2. Place your cubes of beef in the marinade and seal. Ensure all the beef is covered with the marinade and place in the fridge for 4-6 hours. Remove from the fridge an hour before grilling so as to allow the beef to return to room temperature.
  3. Prepare your red and green peppers and onions for skewering. Cut the vegetable into the same size and dimension as the cubes of beef. Skewer a cube of beef then alternate with a different vegetable between each cube of beef. Repeat until all your kebabs and pieces of vegetable have been skewered. Discard the marinade in the bag.
  4. Pre-heat your gas of charcoal grill. We’re looking for a high heat (count to three when placing your hand over the grill). Brush the grill surface well and wipe the grill surface with a vegetable oil-treated towel just before grilling.
  5. Season your kebabs with coarse sea salt and some fresh ground pepper. Place on your hot grill and cook for 5 minutes/side or until all sides are seared with some good grill marks. Brush some of the reserved 1/4 marinade on your shish kebabs and plate on a bed of baked rice pilaf with mushrooms.

If you are not reading this post in a feed reader or at  http://kalofagas.ca then the site you are reading is illegally publishing copyrighted material. Contact me at truenorth67 AT gmail DOT COM. All recipes, text and photographs in this post are the original creations & property of the author.

© 2007-2010 Peter Minakis

© 2010,
Peter Minakis

. All rights reserved.

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31 Comments for “Beef Shish Kebab”

says:

Oh Peter, those are such delicious photos!
Yes, we had lots of shish kabobs…made with all kinds of meat and chicken. (I remember one particularly hideous recipe with chicken marinated in that orange bottled salad dressing.)
Your recipe is perfection. Yes to the red wine, but I’ve never added paprika. Great idea.

says:

Your memories of family picnics are very similar to mine…Greeks have this knack of gathering together and staritng bbq’s and laying out a spread of goodies!…LOL! That looks like one mean kebab (kabob??) Peter…great tips on marinading too. Enjoy Canada Day!

says:

Same concept, different meat — one of our members submitted a Marinated Greek Lamb Kabob recipe…this one’s marinated in yogurt, though.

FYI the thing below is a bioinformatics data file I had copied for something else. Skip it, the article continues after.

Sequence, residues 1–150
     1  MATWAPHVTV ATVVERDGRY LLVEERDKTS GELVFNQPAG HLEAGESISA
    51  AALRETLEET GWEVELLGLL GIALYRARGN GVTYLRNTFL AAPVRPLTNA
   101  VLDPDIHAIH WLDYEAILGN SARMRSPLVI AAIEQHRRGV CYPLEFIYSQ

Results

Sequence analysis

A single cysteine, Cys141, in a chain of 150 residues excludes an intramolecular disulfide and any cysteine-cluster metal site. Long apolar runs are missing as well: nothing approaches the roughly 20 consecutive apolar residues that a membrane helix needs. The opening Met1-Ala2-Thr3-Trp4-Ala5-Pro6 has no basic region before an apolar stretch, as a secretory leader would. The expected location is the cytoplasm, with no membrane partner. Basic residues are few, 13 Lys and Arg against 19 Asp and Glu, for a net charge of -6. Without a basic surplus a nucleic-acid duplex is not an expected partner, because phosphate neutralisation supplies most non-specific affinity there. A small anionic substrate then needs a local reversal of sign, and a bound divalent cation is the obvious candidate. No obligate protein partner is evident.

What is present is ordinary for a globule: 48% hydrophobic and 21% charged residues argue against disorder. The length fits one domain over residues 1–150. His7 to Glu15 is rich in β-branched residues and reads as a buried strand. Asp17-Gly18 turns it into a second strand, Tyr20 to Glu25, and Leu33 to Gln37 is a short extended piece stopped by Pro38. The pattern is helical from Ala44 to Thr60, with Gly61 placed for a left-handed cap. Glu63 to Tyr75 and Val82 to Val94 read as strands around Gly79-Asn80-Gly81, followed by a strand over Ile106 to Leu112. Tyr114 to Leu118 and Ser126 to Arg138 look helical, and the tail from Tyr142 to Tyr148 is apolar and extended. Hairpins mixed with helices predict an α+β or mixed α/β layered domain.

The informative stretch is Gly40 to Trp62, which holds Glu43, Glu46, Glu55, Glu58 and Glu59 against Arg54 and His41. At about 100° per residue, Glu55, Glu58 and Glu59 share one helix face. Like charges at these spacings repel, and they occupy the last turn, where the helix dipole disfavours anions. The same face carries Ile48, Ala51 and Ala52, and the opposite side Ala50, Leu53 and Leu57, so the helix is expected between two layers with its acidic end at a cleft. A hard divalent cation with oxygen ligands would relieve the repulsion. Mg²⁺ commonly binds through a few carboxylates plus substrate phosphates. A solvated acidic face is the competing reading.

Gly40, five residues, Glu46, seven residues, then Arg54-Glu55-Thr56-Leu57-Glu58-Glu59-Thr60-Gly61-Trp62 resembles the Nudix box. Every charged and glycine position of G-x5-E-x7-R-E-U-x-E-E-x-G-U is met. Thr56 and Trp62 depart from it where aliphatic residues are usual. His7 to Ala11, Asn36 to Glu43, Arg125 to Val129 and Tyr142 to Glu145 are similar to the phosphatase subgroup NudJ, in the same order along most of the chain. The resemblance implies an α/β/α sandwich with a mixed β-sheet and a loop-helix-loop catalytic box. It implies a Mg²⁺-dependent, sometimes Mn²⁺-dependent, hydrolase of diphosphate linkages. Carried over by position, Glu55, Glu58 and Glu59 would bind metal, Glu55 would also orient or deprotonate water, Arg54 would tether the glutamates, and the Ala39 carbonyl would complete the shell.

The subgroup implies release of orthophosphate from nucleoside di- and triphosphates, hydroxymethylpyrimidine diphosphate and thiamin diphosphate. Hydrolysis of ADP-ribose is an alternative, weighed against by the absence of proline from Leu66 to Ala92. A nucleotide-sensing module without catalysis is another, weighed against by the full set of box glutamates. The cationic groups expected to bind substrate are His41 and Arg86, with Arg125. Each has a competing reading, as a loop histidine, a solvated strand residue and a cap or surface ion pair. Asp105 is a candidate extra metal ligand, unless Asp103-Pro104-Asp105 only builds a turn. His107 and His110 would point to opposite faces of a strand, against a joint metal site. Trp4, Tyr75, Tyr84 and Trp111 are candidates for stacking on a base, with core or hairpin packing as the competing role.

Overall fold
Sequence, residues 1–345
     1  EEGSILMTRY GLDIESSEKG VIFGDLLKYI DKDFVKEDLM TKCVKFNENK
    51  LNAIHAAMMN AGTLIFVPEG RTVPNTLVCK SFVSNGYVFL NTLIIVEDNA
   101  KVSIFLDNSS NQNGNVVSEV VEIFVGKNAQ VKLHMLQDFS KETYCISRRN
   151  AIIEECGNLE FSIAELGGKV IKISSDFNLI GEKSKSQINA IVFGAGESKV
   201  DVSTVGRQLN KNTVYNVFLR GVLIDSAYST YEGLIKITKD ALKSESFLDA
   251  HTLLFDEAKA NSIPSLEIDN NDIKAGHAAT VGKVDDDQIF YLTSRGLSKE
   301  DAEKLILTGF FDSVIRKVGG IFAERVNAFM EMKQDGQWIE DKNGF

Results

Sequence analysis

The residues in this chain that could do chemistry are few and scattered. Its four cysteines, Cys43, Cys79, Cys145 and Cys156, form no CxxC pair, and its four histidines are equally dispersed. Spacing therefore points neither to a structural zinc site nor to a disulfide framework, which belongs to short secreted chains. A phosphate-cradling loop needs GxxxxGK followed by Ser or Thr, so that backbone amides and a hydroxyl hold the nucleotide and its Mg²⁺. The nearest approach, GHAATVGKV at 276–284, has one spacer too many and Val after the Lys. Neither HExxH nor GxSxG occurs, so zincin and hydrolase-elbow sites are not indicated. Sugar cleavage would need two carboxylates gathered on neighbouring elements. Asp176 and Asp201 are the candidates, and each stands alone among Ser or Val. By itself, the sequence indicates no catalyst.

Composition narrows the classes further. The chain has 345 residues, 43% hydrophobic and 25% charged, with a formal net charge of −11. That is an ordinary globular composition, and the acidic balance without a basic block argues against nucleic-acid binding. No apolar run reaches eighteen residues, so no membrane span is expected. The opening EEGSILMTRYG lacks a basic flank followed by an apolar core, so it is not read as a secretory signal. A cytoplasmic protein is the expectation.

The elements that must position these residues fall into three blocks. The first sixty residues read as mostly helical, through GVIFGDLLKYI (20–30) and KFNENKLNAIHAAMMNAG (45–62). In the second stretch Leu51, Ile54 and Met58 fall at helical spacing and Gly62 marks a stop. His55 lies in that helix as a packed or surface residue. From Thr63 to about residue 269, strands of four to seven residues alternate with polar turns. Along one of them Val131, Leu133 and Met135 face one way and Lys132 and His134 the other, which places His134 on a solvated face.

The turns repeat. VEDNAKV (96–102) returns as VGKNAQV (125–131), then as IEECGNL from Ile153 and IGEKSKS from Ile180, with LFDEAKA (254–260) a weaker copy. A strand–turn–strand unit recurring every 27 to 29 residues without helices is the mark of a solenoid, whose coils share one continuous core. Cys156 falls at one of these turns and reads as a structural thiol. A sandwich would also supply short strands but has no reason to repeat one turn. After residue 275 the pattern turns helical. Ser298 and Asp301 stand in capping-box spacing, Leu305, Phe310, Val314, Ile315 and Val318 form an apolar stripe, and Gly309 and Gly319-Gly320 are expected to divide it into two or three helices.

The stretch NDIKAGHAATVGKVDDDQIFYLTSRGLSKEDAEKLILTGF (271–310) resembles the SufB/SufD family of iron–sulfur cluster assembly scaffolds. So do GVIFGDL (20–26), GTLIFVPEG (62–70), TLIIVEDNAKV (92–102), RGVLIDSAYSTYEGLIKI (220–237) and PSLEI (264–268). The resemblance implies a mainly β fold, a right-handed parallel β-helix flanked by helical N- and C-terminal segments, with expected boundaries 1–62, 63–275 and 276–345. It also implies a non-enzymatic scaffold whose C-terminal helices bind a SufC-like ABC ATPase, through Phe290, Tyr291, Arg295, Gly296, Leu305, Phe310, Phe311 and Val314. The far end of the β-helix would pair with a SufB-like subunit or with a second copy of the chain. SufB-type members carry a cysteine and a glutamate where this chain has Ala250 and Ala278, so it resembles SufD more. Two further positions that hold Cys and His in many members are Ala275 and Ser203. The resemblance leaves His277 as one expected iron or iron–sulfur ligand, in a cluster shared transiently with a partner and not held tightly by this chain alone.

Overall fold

http://mantestedrecipes.com/recipe/2761/marinated-greek-lamb-kabobs.aspx

Funny story — my Mom was born in Canada on July 4th…my grandmother mentioned that it was kind of a non-descript date. “Not to the Americans,” said grandpa. They emigrated to the US when she was two, and when she was little, she thought the fireworks were for her!

says:

As a neighbor from the northern Balkans, I like what I see, even though our preferred animal for kabobs is, of course, the divine pig. Here in SoCal we have a great source of good quality beef, and the only thing lacking is a charcoal grill (which we are not allowed to have – but, being a rebel, I am almost there in convincing my American husband to break the rules and get us a Webber). Summer is only going to get better, right?
Greetings from Cali!
Lana

says:

I can see where your love for BBQ comes from. your father, unbeknown to him, did a great job. Love the fact that you can use cheaper cuts for this delicious kebab!!!!

says:

Peter τι νόστιμο που φαίνεται!!
Και η μαρινάδα, απλή αλλά super!!
Να περάσεις πολύ όμορφα την Μέρα του Καναδά!
Φιλιά, καλό μήνα!

Elizabeth

says:

Looks wonderful – I love the marinade, especially that bit of honey to bring out the sweetness in the meat.

Speaking of meat…as an American, I always struggle with translating American and British meat recipes with the cuts that are commonly available in the Greek market. Any idea what the name in Greek would be for a suitable economical cut of meat for this recipe? Sirloin, whatever it is called here – and what IS its name? – is probably not “inexpensive”. And boy, would I just love it if someone could tell me what beef “flank steak” is called here in Greece….

says:

Peter, your words have me back to simpler, childhood times when my dad would grill outside although your food sounds like it was a whole lot tastier! But family barbecues are wonderful things and the food is always delicious! These kabobs are magnificent!

says:

Oh, Happy Canada Day! We celebrate neither 4th of July nor Bastille Day. Just our sons’ birthdays. :-) But I can’t wait to get to Florida in 2 weeks for a bbq or two.

says:

I am always skeptical about beef shish kebabs in Greece because beef is never aged properly and can be tough as hell. Marinating it might be a good way to solve that problem, but in Canada I am sure you can find nice tender meat. Yum!

says:

I have always had a weakness of beef shish kebab, our neighbor, when we grew up in Minnesota was Greek, and her cooking set the bar for me. One dish I always remember is her beef kebabs. This recipe is on the top 10 list to try as soon as possible. It sounds amazing.

Happy Canada Day!

says:

Beautiful presentation of shish kabob but what got me most was your recounting of the Greek picnics. It reminded me of my childhood when my family used to go the Spanish picnics in public parks with other families. There would be sports, music and all the traditional dishes. I miss those outings, but the tradition did not get passed down.